It has long been a commonly held assumption that younger people sympathise with socialist ideas. We saw it in the 1960s with student radicals and, in recent years, we have witnessed physical displays of left-wing activism on our streets. Young people have protested over the ‘austerity agenda’, students have shown solidarity towards striking teaching unions, and took to chanting “oh Jeremy Corbyn” at Glastonbury festival.
This week, the Institute of Economic Affairs published a report with polling which shows the majority of young Brits are hostile to capitalism and hold positive views of socialist alternatives. The headline figure is that 67 per cent of young people say they want a socialist economic system. On climate change, the housing crisis and nationalisation, the youth of today see capitalism as evil and socialism as a panacea.
There is no problem with people holding contrary opinions. The absence of a credible opposition these past 16 months has laid bare the pitfalls of allowing a government to operate in an echo chamber and it is unequivocally positive that in our pluralist liberal democracy a “battle of ideas” rages between left and right.
If the youth of Britain are predominantly socialist, so be it. It is their democratic right to be so. But we must ensure there is a debate, the full facts are known, and the views of young people are not formed by biased institutions.
Although the poll shows people have an affinity with socialist positions, when participants were presented with an opposing pro-capitalist statement, the research shows net approval for that argument as well. This suggests that when young people embrace a socialist argument, this is often not a deeply held conviction. The author, Dr Kristian Niemietz, believes this could be because the socialist option may be “the argument they are most familiar with”.
This is both good and bad news. The bad news is a generation of people are unsure why they have socialist tendencies and cannot distinguish between the two economic systems. This suggests a lack of critical thinking and an absence of free market voices in education.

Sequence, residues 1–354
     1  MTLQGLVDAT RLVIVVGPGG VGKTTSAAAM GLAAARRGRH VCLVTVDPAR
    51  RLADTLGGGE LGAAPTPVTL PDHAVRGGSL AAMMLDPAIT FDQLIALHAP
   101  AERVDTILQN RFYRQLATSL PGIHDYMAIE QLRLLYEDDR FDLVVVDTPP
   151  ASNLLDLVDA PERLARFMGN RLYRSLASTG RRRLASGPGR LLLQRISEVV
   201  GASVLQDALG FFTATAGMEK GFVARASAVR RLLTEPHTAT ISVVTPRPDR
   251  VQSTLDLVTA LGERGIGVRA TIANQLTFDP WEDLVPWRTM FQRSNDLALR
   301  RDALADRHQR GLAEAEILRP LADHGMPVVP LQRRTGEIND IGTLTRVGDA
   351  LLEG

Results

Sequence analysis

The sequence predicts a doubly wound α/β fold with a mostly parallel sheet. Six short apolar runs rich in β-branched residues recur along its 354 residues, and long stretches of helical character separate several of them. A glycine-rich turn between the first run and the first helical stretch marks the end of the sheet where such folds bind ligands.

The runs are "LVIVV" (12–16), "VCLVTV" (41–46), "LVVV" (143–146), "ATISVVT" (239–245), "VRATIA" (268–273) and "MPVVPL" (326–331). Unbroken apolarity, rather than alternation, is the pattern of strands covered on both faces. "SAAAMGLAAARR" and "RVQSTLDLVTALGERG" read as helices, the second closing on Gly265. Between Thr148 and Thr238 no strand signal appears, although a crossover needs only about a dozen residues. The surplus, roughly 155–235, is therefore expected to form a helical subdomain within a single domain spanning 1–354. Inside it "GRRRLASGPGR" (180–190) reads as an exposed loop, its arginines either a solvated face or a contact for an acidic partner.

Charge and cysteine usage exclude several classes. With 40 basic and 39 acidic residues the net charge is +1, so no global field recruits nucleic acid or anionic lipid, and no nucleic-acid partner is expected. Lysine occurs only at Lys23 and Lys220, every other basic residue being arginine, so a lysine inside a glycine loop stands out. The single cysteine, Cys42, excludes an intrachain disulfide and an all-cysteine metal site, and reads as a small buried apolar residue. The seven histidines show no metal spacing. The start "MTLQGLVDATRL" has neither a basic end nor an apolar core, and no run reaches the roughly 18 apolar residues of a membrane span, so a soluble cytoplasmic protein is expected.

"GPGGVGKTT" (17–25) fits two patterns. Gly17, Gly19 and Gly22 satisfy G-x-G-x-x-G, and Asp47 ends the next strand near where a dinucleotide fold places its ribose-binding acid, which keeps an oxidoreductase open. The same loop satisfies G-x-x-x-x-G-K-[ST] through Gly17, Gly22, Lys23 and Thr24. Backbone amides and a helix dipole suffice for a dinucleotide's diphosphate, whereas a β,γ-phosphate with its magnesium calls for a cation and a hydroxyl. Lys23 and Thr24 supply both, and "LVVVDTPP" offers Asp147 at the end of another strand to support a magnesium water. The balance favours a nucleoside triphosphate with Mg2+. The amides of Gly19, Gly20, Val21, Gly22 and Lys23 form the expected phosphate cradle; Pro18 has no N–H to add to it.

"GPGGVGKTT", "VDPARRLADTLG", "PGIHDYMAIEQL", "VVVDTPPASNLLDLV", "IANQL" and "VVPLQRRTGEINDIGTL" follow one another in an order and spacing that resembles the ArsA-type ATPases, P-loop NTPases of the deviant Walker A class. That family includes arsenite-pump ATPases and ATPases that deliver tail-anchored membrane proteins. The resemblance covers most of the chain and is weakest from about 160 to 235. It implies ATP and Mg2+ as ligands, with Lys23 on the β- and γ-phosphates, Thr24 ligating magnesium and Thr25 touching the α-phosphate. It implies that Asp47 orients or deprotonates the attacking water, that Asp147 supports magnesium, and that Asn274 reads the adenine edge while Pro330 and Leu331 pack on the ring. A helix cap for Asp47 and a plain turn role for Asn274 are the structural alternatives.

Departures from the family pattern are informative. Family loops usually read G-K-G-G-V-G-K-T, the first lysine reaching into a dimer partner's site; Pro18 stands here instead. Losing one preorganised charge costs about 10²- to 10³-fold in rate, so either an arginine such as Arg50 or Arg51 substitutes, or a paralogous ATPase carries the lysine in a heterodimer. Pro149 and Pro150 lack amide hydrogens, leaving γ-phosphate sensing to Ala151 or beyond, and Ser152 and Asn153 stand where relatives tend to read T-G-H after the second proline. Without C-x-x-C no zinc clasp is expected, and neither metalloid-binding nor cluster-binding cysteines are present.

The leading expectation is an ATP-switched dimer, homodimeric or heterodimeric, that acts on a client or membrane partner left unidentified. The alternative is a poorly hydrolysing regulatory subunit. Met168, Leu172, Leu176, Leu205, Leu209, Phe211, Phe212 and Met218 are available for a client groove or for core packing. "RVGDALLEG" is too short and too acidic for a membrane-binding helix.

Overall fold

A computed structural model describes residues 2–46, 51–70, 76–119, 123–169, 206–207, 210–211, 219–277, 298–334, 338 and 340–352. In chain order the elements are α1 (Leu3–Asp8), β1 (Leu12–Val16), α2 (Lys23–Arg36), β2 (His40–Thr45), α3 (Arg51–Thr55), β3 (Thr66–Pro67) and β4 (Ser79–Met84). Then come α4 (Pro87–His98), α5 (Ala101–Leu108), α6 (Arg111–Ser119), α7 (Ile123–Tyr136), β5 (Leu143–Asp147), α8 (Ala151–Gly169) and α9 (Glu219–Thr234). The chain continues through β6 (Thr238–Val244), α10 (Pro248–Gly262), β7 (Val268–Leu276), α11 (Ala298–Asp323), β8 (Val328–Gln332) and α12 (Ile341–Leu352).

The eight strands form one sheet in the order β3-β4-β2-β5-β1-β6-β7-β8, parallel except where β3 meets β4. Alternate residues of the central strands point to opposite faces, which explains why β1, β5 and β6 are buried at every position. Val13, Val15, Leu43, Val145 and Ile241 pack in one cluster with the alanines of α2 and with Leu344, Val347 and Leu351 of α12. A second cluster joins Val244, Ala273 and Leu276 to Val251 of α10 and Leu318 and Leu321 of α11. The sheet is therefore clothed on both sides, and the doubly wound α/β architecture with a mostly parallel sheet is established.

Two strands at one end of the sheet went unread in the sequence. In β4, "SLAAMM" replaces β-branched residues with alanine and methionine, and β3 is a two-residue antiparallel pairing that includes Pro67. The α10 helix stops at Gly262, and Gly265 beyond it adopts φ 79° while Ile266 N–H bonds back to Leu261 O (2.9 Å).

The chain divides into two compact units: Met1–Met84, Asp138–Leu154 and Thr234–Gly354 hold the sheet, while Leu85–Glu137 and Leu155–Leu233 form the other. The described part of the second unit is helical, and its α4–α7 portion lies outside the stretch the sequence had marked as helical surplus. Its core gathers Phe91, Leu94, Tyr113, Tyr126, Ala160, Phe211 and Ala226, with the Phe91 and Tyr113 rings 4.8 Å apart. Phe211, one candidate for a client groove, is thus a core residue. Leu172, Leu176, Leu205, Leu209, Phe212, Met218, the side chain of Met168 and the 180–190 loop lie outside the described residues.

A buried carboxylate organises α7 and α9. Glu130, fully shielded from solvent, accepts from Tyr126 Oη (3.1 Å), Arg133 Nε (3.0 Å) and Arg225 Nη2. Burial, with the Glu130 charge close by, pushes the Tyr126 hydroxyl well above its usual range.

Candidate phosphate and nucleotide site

The good news, however, is that the younger generations are not a lost cause. This should, as Niemietz rightly said, act as a rallying cry for proponents of market capitalism to mount a push-back against the socialist orthodoxy established in the minds of young people.
This means changing the perception that capitalism is for the ‘rich’, ‘exploits’ workers and creates ‘inequality’. The positive case for capitalism is easier than many would think. Look at the decline in global poverty over the last 20 years and the advances in living conditions. Our supermarket shelves are stocked full of food, unlike communist North Korea, and consumers benefit daily from the hard work of businesses in tech and services.
But we shouldn’t turn this fight-back into an act of self-congratulation for ‘capitalist achievements’. All too often we have evidence of crony capitalism and corporatism: take the government’s handling of PPE contracts and the Carillion scandal, where public sector contracts were dished out to private providers on careless grounds. On PPE, competitive tender processes were scrapped, leading to nepotism and waste. On Carilion, the government continued to plough taxpayers’ money into a failing contractor because it was deemed the corporate monster was too big to fail.
The conflation of crony capitalism and the market economy, of course, makes the job of the economic liberal more difficult. The former is as much an enemy of capitalists as socialism. But the positive case for freedom, competition and opportunity, which underpins capitalism, is a mantra which can resonate with young people. The Overton Window may have swung left but socialists cannot claim total victory. It remains to be seen whether ‘capitalist’ can make a comeback.